A few weeks ago, in San Miguel de Allende in central Mexico, I saw a theatrical performance at the local chapter of P.E.N., the writers fraternity, which was based on a most unlikely source--"The Smart Set Anthology." This volume, presumably long out of print, was a collection of the remarkable writing that appeared in Smart Set magazine during the two decades surrounding World War I when Willard Huntington Wright and later H. L. Mencken and George Jean Nathan edited it. You may recall that it first published some of the most illustrious writers of this century, among them Dashiell Hammett, Eugene O'Neill, Scott Fitzgerald, Dorothy Parker and scores of others. And in this dramatic exercise, admirably devised by Erik Jendresen, most of them appeared, including Mencken, Nathan and Wright (also known as S. S. Van Dine, the mystery writer). Because Smart Set also published Maugham's "Miss Thompson" (later "Rain"), there was even an appearance by that immortal floozie.
I rather doubt that even so gifted a playwright as Jendresen could do anything with a new anthology of the writings that appeared in another famous magazine, Night and Day, which has just been published in England. Night and Day lasted less than six months; it began publication on July 1, 1937, and was gone before Christmas, folding on Dec. 23. It attempted to be a British New Yorker and a lot of illustrious Britons wrote for it, including Evelyn Waugh, Elizabeth Bowen, Herbert Read, V. S. Pritchett, Malcolm Muggeridge, Stevie Smith and Christopher Isherwood.
But it was not the stature of its contributors that gave Night and Day an enduring fame. It was the widely believed report that Shirley Temple killed it.
She didn't, of course; like other literary magazines, mounting debts and poor circulation did it in. Shirley Temple contributed to its financial burden, however, inasmuch as the courts ordered the magazine to pay 3,500 in damages because its movie reviewer, Graham Greene, libeled her. Right. The same Graham Greene who is one of the towering figures of modern literature.
The question that has bothered critics and journalists for a generation is how the hell Greene did it. I mean, libeling Curlytop was like libeling the Statue of Liberty or Joan of Arc--it wasn't easy. Shirley at the time was at the height of her dimpled stardom, the No. 1 box-office attraction. Not only in America but in most of the world. Astonishing, that child. In backwater villages of China, peasants who spoke no word of English flocked to see her pictures, enchanted by her chubby presence, chirping "The Good Ship Lollypop" and doing her two-step with Bill Robinson. Her global appeal was mind-boggling.
But libel her Greene did (or so the courts said) with his review of "Wee Willie Winkie," which may well have been the worst picture John Ford ever directed. What I remember about it primarily was that it was difficult to follow because Ford shot it mostly in the dark, either to save electricity or to disavow his participation in it.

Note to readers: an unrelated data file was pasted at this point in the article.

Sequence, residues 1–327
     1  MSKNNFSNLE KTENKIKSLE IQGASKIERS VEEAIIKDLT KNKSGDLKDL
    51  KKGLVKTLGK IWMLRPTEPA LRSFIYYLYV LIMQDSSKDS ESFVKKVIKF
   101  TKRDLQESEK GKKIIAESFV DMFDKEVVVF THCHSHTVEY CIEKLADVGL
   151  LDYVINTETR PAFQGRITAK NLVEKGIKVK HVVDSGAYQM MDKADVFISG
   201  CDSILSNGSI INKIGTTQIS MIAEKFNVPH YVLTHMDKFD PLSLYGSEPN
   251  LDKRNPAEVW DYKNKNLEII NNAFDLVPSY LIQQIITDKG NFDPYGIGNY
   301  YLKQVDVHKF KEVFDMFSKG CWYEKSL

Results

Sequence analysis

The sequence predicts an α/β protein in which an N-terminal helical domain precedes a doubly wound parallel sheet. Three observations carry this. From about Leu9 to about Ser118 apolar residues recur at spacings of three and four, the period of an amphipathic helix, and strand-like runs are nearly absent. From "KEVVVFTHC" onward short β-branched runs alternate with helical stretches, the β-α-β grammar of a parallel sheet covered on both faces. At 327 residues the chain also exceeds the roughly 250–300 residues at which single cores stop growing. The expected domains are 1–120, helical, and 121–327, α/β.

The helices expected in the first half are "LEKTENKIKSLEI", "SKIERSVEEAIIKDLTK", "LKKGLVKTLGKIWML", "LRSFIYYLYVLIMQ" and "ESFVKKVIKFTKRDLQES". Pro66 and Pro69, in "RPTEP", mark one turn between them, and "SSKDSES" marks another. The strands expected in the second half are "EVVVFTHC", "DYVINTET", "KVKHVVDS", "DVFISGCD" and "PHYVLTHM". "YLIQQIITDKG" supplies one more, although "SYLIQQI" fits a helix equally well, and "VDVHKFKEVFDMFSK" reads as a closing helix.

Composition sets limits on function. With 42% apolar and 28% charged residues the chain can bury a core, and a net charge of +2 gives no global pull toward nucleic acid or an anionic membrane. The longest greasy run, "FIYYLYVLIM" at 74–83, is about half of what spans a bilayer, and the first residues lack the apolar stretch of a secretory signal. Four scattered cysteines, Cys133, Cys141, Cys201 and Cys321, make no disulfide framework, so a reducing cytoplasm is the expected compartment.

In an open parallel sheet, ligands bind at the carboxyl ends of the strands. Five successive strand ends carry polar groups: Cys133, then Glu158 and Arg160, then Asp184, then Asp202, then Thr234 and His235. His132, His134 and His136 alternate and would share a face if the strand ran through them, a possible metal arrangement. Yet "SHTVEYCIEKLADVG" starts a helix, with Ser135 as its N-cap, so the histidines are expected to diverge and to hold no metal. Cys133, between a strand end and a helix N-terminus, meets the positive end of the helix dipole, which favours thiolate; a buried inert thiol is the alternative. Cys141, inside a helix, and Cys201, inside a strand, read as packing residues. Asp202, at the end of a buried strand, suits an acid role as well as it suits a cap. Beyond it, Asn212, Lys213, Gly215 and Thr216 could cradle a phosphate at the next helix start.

This anthology of the writings in Night and Day, just published in England with a preface by--guess who--Graham Greene, contains the offending review, along with a disclaimer stating that it is being printed as a matter of historical interest and with no intention of maligning former Ambassador Shirley Temple Black. With the same disclaimer and with the feeling that it might be valuable to such critics as Charles Champlin, Sheila Benson et al., here, in part, is the offending review:
The owners of a child star are like leaseholders--their property diminishes in value every year. Time's chariot is at their back; before them acres of anonymity. Miss Shirley Temple's case, though, has peculiar interest; infancy for her is a disguise, her appeal is more secret and more adult. Already, two years ago, she was a fancy little piece (real childhood, I think, went out after "The Littlest Rebel"). In "Captain January," she wore trousers with the suggestiveness of a Dietrich; her neat and well-developed rump twisted in the tap dance, her eyes had a sidelong, searching coquetry. Now in 'Wee Willie Winkie,' wearing short kilts, she is a complete tart. Watch her swaggering stride across an Indian barracks square; hear the excited expectation from her antique audience when the sergeant's palm is raised; watch the way she measures a man with adult, studio eyes, with dimpled depravity. Adult emotions of love and grief glissade across the mask of childhood, a childhood skin-deep. . .
There's more, including Greene's dismissing the film, as well as the Kipling story from whence it came, as awful, but this portrayal of Temple as a femme fatale, a pre-Nabokov Lolita, must have been at the basis of the libel. What is bothersome is that anyone, even the courts, would take it seriously; it is so utterly preposterous. It's like a Harvard Lampoon of a review. That dumpy little Shirley with her fat legs and chubby, square body would remind Greene or anyone else of Dietrich is absolutely incredible--"dimpled depravity," my great aunt! Greene must have been kidding--pulling our leg.